Carillion crash can foster growth – Nigel Hastilow

By Nigel Hastilow | In-depth | Published:

There’s much anger and confusion over the failure of construction giant Carillion and it is truly astonishing to see a company valued not long ago at £5 billion collapse almost overnight.

It wasn’t entirely a shock. There had been warnings and sackings for months but, even so, a business of such size and importance can’t just disappear. Can it?

The Government has been attacked for awarding contracts to Carillion even after everyone knew it was in trouble. And the crash is being used as a stick to beat the Government with over the private finance initiative, a scam which allows Ministers to splurge public money and pretend it’s all down to the private sector.

There’s also the question of what the company has been doing with its finances – dishing out hefty dividends to shareholders and ignoring its pension-fund deficit so the directors can tell themselves they’re doing a brilliant job and enjoy exorbitant salaries.

Ministers are now making noises about directors facing ‘the full force of the law’ if they have misbehaved.

Politicians always say that – yet not one top British banker has seen the inside of a prison cell as a result of the near-collapse of the entire capitalist system a decade ago.

And in the case of Carillion, it’s highly likely the collapse is due to over-ambition and plain incompetence rather than anything more sinister.

The company that was once just plain Tarmac has expanded fast since it was created in 1999, buying up several well-known names like Mowlem and Alfred McAlpine. But, as any small business will tell you, the key to survival is cash-flow.

Once a company stops paying its bills on time, you know it’s struggling. In Carillion’s case, this was made worse because it started to rack up huge losses on big engineering contracts.


Last summer Carillion said it was struggling with losses of £845 million on three projects. One of them was the £550m Aberdeen by-pass which is being built in sections by different companies.

According to a friend who was an engineer working on the scheme, the way Carillion managed their share of the contract was disastrous and it was no surprise it was losing money.

If it was guilty of poor management on one multi-million pound contract, it may well have left a lot to be desired on some of the others too.

The whole Carillion edifice has been described as a giant Ponzi scheme, where investment from new contracts is desperately needed to meet the bills for previous ones. Eventually there has to come a point when there isn’t enough new money to meet all the old bills.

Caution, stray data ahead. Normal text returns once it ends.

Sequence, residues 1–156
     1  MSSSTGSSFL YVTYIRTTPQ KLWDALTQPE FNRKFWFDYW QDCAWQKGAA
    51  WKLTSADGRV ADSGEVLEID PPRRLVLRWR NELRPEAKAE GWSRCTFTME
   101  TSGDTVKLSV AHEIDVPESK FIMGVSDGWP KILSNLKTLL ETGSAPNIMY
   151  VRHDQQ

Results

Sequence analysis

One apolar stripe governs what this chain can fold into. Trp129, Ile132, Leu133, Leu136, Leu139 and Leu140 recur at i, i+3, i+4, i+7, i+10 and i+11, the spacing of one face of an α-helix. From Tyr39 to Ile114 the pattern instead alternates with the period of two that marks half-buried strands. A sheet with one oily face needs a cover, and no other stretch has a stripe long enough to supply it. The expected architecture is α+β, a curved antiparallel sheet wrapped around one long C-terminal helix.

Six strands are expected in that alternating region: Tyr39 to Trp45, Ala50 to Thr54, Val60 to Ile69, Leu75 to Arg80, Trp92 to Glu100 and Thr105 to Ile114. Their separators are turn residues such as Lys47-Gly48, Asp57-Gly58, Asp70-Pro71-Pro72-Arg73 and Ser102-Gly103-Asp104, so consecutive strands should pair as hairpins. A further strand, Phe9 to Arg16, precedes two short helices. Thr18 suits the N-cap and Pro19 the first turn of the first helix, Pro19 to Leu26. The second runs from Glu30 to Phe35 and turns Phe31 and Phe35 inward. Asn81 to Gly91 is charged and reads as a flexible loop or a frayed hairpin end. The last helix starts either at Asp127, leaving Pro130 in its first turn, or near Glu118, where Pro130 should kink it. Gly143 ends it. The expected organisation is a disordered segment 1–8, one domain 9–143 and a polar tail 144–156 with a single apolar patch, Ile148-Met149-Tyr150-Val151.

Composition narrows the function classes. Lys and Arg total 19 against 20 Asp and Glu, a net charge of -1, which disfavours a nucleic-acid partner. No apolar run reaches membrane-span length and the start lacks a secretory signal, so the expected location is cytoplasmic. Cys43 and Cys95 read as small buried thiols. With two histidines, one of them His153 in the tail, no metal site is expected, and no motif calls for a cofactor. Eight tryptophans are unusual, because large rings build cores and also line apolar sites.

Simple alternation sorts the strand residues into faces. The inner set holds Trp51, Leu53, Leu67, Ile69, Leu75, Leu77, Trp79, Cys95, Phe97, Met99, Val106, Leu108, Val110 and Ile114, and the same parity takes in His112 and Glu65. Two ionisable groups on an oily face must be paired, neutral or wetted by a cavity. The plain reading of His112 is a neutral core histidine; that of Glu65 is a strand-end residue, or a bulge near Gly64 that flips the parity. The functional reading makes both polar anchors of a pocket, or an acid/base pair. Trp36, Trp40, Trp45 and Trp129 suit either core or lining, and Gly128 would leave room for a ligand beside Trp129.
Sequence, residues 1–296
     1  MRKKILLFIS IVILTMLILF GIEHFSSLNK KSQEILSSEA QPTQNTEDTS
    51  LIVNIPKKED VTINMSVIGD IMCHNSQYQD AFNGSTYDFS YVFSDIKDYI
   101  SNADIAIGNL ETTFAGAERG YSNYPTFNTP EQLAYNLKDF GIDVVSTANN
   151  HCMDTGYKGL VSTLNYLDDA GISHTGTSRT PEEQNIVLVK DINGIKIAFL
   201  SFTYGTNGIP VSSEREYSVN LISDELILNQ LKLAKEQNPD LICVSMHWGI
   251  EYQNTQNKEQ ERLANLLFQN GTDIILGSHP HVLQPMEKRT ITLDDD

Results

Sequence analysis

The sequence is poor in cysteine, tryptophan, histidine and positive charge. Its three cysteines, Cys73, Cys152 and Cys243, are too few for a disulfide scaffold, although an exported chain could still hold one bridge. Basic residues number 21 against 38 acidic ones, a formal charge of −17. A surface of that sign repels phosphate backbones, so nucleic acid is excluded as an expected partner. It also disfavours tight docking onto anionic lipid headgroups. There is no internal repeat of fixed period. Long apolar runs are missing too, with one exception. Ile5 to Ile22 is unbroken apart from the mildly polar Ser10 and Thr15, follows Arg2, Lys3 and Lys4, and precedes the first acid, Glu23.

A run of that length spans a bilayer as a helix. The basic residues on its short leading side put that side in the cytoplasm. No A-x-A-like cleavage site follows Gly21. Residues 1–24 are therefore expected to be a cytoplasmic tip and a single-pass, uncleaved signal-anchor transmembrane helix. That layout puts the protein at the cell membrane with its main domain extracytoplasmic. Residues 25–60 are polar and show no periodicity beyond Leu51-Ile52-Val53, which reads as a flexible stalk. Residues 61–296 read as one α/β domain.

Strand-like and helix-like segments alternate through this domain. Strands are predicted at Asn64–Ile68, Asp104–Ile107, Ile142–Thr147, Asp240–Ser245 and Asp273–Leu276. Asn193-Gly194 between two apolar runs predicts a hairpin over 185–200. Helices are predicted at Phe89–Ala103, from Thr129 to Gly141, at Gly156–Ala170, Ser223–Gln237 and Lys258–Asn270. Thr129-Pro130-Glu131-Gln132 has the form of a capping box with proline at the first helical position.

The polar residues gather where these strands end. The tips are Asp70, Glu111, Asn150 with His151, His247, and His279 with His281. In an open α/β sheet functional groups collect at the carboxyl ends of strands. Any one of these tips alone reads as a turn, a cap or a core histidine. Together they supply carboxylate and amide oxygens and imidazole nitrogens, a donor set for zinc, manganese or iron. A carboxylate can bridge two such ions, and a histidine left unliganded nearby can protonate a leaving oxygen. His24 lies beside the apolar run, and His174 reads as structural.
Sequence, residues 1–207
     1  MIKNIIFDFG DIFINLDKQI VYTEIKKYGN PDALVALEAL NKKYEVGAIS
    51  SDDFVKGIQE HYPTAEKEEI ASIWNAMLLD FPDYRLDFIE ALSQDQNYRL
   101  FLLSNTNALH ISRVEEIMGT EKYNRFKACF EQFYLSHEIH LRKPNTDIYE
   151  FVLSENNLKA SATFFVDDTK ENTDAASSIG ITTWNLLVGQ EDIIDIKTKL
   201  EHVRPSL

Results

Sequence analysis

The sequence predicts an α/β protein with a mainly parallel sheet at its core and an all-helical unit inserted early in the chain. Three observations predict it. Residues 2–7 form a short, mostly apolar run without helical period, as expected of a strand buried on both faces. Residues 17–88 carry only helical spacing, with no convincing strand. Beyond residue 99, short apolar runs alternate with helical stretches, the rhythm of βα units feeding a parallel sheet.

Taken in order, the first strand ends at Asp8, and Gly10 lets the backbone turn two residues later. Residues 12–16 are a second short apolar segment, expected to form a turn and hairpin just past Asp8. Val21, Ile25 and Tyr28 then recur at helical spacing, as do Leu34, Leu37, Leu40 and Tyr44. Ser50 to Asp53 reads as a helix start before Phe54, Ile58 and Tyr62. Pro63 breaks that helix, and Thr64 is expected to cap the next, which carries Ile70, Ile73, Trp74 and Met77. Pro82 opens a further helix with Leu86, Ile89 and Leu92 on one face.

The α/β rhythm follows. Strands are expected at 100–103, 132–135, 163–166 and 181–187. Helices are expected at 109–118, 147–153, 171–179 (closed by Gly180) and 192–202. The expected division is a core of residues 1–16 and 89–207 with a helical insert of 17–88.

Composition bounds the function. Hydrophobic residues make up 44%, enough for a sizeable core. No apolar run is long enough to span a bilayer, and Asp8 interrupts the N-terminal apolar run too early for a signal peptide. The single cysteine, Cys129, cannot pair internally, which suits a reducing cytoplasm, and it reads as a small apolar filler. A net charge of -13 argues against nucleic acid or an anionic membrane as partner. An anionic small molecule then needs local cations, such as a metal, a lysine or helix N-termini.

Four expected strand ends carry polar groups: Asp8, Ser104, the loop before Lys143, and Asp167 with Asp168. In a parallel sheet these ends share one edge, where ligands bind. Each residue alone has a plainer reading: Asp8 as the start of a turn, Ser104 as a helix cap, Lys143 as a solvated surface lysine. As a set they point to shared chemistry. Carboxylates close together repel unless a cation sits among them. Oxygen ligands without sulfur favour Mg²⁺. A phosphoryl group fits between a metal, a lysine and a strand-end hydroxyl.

And both the banks and the Government decided there was no point in throwing good money after bad.

So why did Ministers keep on awarding contracts – including part of the HS2 railway scheme – to Carillion even after it was widely known the company was struggling under the weight of its debts?

Incompetence could be the answer but another may be that Ministers hoped that, by contributing further to the Ponzi scheme, the company would be given time to straighten itself out rather than go bust.

The fall-out – and the cost to the taxpayer – will be large and unpleasant but perhaps not quite as bad as many people fear. After all, construction schemes are not funded with all the money up-front and the work still has to be carried out.

In the same way, all Carillion’s service contracts will have to go to some other company. And while, sadly, jobs may be lost, it’s likely most of the people working for Carillion will find employment with its rivals as they snap up the work that’s suddenly become available.

The collapse of Carillion is not, though, a crisis for capitalism. In fact, it’s proof that capitalism works efficiently because the biggest losses will be borne by the company’s investors.

A Government bail-out might have kept the company limping along for a while longer but that wouldn’t solve its fundamental flaws. The taxpayer should not be the lender of last resort to companies which are incapable of managing their own affairs adequately.

You could argue the same theory should apply to the banks and yet they were rescued. And there are those who say they should also have been allowed to go to the wall, though the threat to the entire system was much greater than it is here.

The truth is it’s a good thing that companies go bust from time to time. It means badly-run, loss-making concerns are killed off and it allows well-run, profitable businesses to expand into new markets.

In this era of unrealistic, ultra-low interest rates, there are dozens more ‘zombie’ companies which should be put down to make room for more successful competitors. A functioning free market requires the survival of the fittest. Sadly, extinction is the price companies like Carillion have to pay if the economy as a whole is to flourish.

Nigel Hastilow

By Nigel Hastilow

Express & Star columnist


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